Licensure/Scope of Practice
Reflecting a growing trend by state licensing boards, Delaware adopted rules to identify and establish a method for addressing fraud and abuse and for carrying out resultant disciplinary actions.
The Texas Board established procedures to evaluate the criminal history of audiology and speech-language pathology licensure applicants.
Illinois [Hearing Instrument Protection Code (77 Ill. Adm. Code 682)] and Iowa (645 IAC Chapter 121–124) amended hearing aid dispensing rules on supervision and continuing education requirements.
Maryland increased the number of continuing education requirements from 20 to 30 hours within two years for SLPs, audiologists, and hearing aid dispensers (COMAR 10.41.03, 10.41.08).
Ohio’s Board of Speech-Language Pathology and Audiology adopted rules addressing definitions and procedures for accessing confidential information.
Oregon’s Board of Examiners created rules clarifying the requirement that only licensed SLPs may supervise speech-language pathology assistants.
Wisconsin’s Hearing and Speech Examining Board issued a notice of intent to include an ethics continuing education requirement for audiologists, SLPs, and hearing aid dispensers.
Health Care and Insurance
States passed 37 pieces of legislation and adopted 104 regulations related to health care and insurance.
Arkansas (H.B. 1315), Rhode Island (H.B. 5275), Virginia (H.B. 2467), and West Virginia (H.B. 2693) passed legislation requiring insurers to provide coverage for ASDs. Illinois’ H.B. 1530 requires that insurers who provide coverage for ASDs must include those same provisions for other mental health services (mental health parity). Four states—Alaska, Delaware, South Dakota, and Wyoming—do not have specific insurance coverage mandates for ASDs and either have no mental health parity law or the mental health parity law does not include ASDs as a covered mental illness.
Georgia, North Carolina, and Tennessee passed legislation related to insurance coverage of hearing aids. Georgia’s H.B. 168 exempts sales of hearing aids from sales tax, North Carolina’s S.B. 323 made changes to the hearing aid law, and Tennessee mandated coverage of hearing aids for children (H.B. 761).
Missouri adopted rules related to insurance coverage of ASDs, including definitions of behavioral analysts, licensure, education and training requirements, and supervisory guidelines.
Many states reduced Medicaid expenditures to balance state budgets:
  • Montana lowered reimbursement rates by 2% for Early and Periodic Screening Detection and Intervention (EPSD) and other services to Medicaid providers, including SLPs.

  • Indiana adopted emergency rules that modify the Medicaid reimbursement formula to place limits on covered occupational therapy, physical therapy, and speech-language services and to reduce rates paid to providers (405 IAC 1-11.5-2 and 405 IAC 5-16-6).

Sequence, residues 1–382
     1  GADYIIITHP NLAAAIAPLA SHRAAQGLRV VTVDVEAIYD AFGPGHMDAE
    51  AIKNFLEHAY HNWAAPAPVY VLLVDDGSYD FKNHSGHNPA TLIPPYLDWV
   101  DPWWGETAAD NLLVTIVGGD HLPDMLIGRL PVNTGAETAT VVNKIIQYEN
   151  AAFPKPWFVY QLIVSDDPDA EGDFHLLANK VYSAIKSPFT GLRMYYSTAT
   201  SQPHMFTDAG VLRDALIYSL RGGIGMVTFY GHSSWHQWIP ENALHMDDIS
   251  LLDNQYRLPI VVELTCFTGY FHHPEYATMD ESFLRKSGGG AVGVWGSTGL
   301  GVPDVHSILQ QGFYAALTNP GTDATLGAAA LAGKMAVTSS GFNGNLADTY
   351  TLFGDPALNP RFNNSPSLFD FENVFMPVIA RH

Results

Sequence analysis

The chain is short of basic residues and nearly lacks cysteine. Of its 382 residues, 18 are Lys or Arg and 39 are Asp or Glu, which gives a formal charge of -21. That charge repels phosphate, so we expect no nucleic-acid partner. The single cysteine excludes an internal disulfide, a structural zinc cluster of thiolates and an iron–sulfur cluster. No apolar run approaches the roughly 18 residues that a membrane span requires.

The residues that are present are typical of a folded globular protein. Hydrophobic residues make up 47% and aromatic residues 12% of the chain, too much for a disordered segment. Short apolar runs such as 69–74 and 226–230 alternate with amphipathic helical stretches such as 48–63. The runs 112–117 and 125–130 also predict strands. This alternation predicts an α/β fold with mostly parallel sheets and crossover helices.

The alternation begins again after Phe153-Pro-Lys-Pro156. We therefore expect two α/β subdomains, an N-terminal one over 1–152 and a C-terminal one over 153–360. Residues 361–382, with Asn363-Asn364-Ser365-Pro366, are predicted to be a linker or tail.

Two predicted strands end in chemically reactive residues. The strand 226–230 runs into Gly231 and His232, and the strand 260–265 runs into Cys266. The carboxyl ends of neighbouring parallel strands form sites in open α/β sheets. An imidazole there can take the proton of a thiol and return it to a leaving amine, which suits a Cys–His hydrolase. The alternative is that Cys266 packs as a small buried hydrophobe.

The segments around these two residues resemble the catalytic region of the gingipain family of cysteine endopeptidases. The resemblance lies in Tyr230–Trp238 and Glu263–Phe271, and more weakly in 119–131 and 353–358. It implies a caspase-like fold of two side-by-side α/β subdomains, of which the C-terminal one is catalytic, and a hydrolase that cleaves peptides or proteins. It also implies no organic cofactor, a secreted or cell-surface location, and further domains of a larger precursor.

• Nebraska emergency rules stipulate a reduction of 2.5% to Medicaid providers.

  • Washington adopted rules that place limits on occupational therapy, physical therapy, and speech-language services, eliminate optional services for adults, and eliminate the hearing aid benefits for adults.

  • In Vermont, an emergency rule limits covered visits to 30 per year per approved service.

  • South Carolina adopted rules that reduce reimbursement rates by 3% and limit combined speech-language, occupational therapy, and physical therapy services to 75 hours per individual per year.

  • The Louisiana Department of Health and Hospitals issued emergency rules to reduce reimbursement rates paid for certain EPSD health services.

  • Oklahoma revised billing, service delivery, and coding of service rules to clarify “team therapy” guidelines for Medicare recipients.

  • The Texas Health and Human Services Committee (HHSC) proposed rules concerning school-based Medicaid, early childhood intervention services, and service limitations for speech-language services.

  • Kentucky (907-KAR1:715) now requires SLPs to hold both a current Board of Examiners license and the Certificate of Clinical Competence (CCC) from ASHA to be eligible as approved service providers for Medicaid-eligible children.

Education
States adopted 19 pieces of legislation and 14 regulations related to education.
Arkansas (H.B. 1819) specifies the date that the state department of education must pay the salary supplement to school-based SLPs.
Florida (H.B. 1255) requires that students whose Individualized Education Program includes assistive technology must receive devices within 60 days.
Maine (L.D. 129) requires the state department of education to accept Board of Examiner-licensed SLPs as meeting the requirements for education practice.
Although 2011 was a busy year for state legislators and regulators, few positive changes were seen. State legislatures and regulators focused on reducing program costs through a variety of measures. State associations, members, and consumers hope to see restoration of programs, services, and reimbursement rates. ASHA will continue to monitor state legislative and regulatory issues and advocate for programs, services, and reimbursement rates that benefit clinicians and their clients.
0 Comments
Submit a Comment
Submit A Comment
Name
Comment Title
Comment


This feature is available to Subscribers Only
Sign In or Create an Account ×
FROM THIS ISSUE
November 2011
Volume 16, Issue 14